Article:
Guest desires reshaping the landscape of hotel F&B
 
Guest desires reshaping the landscape of hotel F&B
29 AUGUST 2018 8:11 AM

As hotel guests’ hunger for unique and convenient dining experiences grows, a panel of experts speaking at the recent Hotel Data Conference said the hotel industry needs to do more to react to guests’ desires.

NASHVILLE, Tennessee—Gone are the days that hotels can rely on simply having a captive audience of guests to feed performance at their restaurants and other food-and-beverage outlets.

A panel of experts speaking during the “Perfect recipe for F&B success” at the recent Hotel Data Conference said guests now have higher standards for food in hotels, and living up to or even surpassing those standards can help hotels drive F&B profitability.

Fernando Salazar, SVP of food & beverage at Interstate Hotels & Resorts, said making that change will require a shift in thinking across the hotel industry.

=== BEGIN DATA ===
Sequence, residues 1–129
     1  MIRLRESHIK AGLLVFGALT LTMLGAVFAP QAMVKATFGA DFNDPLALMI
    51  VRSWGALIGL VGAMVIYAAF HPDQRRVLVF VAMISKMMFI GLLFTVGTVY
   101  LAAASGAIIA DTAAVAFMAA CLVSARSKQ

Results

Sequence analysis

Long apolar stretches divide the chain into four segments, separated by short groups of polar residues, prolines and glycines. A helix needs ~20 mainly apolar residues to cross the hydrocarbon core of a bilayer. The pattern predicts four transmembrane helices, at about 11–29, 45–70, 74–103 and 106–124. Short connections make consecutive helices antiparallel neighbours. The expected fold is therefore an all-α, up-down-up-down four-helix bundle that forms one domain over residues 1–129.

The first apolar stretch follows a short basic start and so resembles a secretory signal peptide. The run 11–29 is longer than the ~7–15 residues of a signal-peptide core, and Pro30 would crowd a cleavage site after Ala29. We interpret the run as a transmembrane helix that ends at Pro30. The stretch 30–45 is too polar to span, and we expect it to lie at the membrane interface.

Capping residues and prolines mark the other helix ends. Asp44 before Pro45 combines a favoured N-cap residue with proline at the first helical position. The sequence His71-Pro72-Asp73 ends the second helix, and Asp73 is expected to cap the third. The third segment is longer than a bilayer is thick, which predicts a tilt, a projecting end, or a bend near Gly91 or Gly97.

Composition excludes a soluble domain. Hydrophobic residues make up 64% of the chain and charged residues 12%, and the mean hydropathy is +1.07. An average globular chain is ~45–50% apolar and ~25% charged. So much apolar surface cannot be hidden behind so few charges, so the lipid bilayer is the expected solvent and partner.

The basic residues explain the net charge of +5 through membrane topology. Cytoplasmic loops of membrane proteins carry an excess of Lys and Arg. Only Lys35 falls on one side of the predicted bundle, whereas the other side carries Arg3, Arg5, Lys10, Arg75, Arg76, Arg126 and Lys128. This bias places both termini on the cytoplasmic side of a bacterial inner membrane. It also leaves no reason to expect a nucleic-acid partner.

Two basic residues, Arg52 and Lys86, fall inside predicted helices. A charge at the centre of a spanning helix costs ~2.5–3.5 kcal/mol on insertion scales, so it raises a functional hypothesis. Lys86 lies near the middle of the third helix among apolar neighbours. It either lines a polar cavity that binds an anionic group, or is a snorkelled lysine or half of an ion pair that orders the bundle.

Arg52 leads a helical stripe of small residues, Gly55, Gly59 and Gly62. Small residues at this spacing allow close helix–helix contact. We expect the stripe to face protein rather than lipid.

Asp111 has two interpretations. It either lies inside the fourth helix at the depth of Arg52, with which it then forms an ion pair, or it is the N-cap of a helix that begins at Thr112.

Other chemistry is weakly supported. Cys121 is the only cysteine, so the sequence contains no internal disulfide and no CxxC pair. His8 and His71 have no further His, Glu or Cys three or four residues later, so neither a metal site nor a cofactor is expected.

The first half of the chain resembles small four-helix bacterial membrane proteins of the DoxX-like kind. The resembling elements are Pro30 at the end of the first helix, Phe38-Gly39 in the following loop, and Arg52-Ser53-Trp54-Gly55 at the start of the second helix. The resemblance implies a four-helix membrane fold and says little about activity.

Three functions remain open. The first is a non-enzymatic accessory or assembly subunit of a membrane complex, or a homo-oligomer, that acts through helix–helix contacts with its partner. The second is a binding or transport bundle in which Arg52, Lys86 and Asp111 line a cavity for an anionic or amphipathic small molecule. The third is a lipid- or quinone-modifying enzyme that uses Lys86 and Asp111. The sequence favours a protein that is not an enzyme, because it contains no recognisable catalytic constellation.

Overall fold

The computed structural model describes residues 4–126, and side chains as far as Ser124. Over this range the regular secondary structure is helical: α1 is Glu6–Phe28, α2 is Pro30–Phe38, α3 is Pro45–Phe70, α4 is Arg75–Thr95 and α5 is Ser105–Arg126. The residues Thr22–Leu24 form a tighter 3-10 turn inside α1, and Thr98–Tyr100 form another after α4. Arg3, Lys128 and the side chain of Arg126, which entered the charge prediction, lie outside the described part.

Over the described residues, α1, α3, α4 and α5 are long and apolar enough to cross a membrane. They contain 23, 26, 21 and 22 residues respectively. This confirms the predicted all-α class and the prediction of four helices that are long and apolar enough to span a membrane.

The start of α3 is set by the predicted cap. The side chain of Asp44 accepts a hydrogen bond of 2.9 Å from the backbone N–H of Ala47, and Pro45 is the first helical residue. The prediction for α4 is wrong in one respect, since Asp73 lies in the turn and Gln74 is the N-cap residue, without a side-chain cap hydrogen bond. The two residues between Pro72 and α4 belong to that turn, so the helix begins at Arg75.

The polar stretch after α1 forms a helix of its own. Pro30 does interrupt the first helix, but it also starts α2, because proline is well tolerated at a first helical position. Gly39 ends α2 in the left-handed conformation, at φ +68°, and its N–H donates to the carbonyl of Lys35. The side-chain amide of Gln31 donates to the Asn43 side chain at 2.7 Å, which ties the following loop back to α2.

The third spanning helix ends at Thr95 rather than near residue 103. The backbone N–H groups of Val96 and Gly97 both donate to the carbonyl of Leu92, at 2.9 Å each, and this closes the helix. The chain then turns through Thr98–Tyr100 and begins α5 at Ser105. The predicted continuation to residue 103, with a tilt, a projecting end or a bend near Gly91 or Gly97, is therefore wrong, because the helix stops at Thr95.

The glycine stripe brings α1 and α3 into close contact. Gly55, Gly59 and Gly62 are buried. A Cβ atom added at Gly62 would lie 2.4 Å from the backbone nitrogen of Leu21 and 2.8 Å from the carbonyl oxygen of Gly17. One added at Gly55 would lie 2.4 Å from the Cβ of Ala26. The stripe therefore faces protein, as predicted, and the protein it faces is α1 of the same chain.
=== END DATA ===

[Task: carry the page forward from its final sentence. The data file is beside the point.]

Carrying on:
“I hate hotel restaurants,” he said. “I like restaurants that happen to be in a hotel, that have their own concept.”

Josh Mayo, VP of restaurants and bars, West at Kimpton Hotels & Restaurants, said it’s not just quality that guests want; it’s also convenience.

“There’s a demand for things at your fingertips, things like grab-and-go or alternatives to roomservice,” he said.

The future of roomservice
A lot of time has been dedicated in the hotel industry about the future of roomservice, as its usage drops and many hoteliers are looking for more profitable alternatives. But experts speaking on the panel noted roomservice is unlikely to fully disappear, and at least some of the drop-off in interest seems to have been self-inflicted.

Bob Puccini, president and CEO of the Puccini Group, said key aspects of hotel roomservice like breakfast suffered because the industry seemed to think that guests had no other options.

“What was overlooked was the trends outside the hotel,” he said. “As things like Starbucks became ubiquitous, hotels charged $20 for bacon, eggs and a coffee. The enemy was offering coffee and a roll for $5.”